But this Mediawiki thing doesn't really need to exist in an IC context, since it's mostly just a feature to RP off-MU, so I wouldn't worry too much about that. I say go for it.



  • @HelloProject The setting I'd be tinkering with, if I un-retire enough to do more than tinker in the most generalized sense, isn't modern day, so most of the mass communications mechanisms just aren't in place. There could arguably be something, like, 'the whale song channel' or something, or 'psychic network', but that's about it.

    There is a text message and phone code out there for MUX; while it wouldn't be super helpful with Evennia, it's definitely something to consider.


  • Coder

    @Thenomain said in Identifying Major Issues:

    Find some and ask, and a very mild shame on you for thinking this is about Millennials. This is about barrier to entry and, apparently, being a single person to answer any other person's moving the goalpost. I'm being talked down by a lot of people, but so far nobody else has attempted even a tacit nod toward information gathering. How can we identify issues without escaping--to put it crudely for effect--this echo chamber?

    Uh, I didn't bring up Millennials? I was replying to your poll. I did do a lot of info gathering when building Ares about player accounts, registration, etc, which is why I told @HelloProject that the number of MU*ers hyper-concerned about privacy is not a minority at all. (You can basically see the distribution in the thread here.) But as for the internet at large? I stand by my point. But hey, I only do this stuff for a living - what do I know about login best practices?

    I'm out. Y'all have fun. Feel free to start a betting pool about how long I can stay away this time.


  • Creator

    @surreality I played a MUD (I forgot which one, I played a lot of them) that had a psychic network. It was kind of hilarious because it was basically a psychic chatroom. I highly recommend doing this.

    I definitely don't think that weird magical variants of IC channels are a bad idea,



  • ...back to the trust gap: it's obviously there.

    Email is clearly one of the factors, and there's not much consensus on how to resolve it, apparently.

    'Ability to alter the grid' is another, for which there are solutions, if people want to implement them. (I'm keen on allowing the desc adjustment thing as needed on a 'default to trust first, if it's horribly abused by someone, deal with that abuser specifically' basis; YMMV.)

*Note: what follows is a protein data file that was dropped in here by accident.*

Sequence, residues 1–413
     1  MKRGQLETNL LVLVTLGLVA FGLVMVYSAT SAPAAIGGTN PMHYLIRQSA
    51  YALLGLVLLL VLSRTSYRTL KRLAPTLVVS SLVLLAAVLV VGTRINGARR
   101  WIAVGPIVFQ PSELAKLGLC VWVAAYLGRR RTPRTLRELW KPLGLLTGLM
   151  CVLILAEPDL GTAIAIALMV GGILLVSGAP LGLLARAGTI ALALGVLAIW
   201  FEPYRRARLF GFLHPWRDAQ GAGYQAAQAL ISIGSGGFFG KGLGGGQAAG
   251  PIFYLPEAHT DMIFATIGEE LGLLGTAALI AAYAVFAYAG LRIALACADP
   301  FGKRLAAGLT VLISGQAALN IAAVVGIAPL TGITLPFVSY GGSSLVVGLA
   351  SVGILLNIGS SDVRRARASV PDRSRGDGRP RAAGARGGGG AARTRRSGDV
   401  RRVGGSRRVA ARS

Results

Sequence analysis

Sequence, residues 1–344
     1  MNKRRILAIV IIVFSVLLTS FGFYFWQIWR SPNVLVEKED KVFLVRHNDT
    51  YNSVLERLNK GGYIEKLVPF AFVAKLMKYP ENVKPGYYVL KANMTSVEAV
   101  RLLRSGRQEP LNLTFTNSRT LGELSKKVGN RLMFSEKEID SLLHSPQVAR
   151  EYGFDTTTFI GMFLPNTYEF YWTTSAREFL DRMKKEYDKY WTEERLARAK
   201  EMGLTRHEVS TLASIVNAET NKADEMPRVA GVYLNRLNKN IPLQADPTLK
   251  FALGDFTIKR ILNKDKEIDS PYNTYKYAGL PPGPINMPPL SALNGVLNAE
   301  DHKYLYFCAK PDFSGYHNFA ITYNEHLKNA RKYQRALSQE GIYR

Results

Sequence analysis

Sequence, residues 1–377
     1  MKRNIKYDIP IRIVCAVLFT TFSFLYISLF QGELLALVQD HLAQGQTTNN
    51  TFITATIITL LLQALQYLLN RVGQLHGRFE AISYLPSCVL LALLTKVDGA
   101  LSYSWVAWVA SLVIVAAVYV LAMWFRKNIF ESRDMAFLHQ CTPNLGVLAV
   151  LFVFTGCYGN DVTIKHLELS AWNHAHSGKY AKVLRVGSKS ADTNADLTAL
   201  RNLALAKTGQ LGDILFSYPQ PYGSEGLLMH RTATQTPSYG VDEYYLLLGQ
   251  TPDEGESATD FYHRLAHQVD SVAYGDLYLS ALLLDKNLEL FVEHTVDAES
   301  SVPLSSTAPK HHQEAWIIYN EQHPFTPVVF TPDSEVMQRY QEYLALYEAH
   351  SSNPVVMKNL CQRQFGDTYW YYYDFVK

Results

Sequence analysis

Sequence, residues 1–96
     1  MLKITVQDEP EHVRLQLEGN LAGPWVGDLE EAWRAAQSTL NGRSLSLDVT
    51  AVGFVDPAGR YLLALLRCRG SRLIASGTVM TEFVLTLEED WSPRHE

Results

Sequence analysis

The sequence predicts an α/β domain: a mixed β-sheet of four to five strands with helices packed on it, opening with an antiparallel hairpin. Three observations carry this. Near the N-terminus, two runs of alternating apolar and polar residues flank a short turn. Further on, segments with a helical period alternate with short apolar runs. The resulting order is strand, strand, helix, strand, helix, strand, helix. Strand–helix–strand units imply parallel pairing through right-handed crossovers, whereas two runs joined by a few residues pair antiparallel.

Alts and alt transparency is another 'there is just not going to be a broad agreement on this one' subject, so maybe let's not poke that hornet's nest just yet. :|

    Other than these things, what other issues -- from staff side or player side -- do you feel contribute to the trust gap? Any ideas of how you would try to handle them?


  • Creator

    I often find that I trust staff less when they entirely remove themselves from being on the same level as the playerbase. It just gives you this sense that they're aloof and unavailable, and I get the sense that I just don't know the people I'm working with even on a casual level.

    Altering the grid is a bit of a weird thing. I oddly think Shangrila and Penultimate do it best, despite being TS MU*s. I just like the idea of being able to put in a request for expanding the theme in some way and contributing something. I never felt it needed to be more complicated than that.

    I don't personally believe that every alt needs to be public, but I do believe that all staff need to know every alt. I also think that maybe alt privacy could be a privilege that's removed for reasons like someone being on harassment probation or something.



  • @HelloProject I am stupid keen on people being able to add 'I had a neat idea!' project areas to the grid. Doesn't have to be their business or something they maintain. Just 'I had a neat idea for a business I'd like to build where my character just hangs out sometimes' or 'it would be neat if there was a secret cave in <place>!' if they want to do it.

    I think it would be very cool if people did build things like the business example to list on the wiki for people to 'claim' and so on; 'keep and run it', 'donate to game-owned grid', 'make claimable' as options, essentially. Would be neat. I know I've had, and known plenty of people who have had, highly cool ideas for businesses or areas of a grid that would be unique and interesting, but they don't feel like jumping through the hoops to make a character to run it (especially if they'd just want to be a customer there, or have a place they don't own but where they hang out, etc.) or meeting whatever the IC financial standards are for the build, etc.

    Temp rooms get used for this kind of thing a lot, which is handy, sure, but sometimes the locations described would be quite useful or cool, and I'd love to see as permanent additions to the grid. Provided your core of grid rooms is sane, I really see very little harm in this. I 'grew up on' sprawling, immense grids, and always found them interesting. So long as sensible navigation is possible, people adding a park or a cave or a strange hidden garden or a secluded beach or whatever is something I think should be encouraged.


Log in to reply
 

Looks like your connection to MU Soapbox was lost, please wait while we try to reconnect.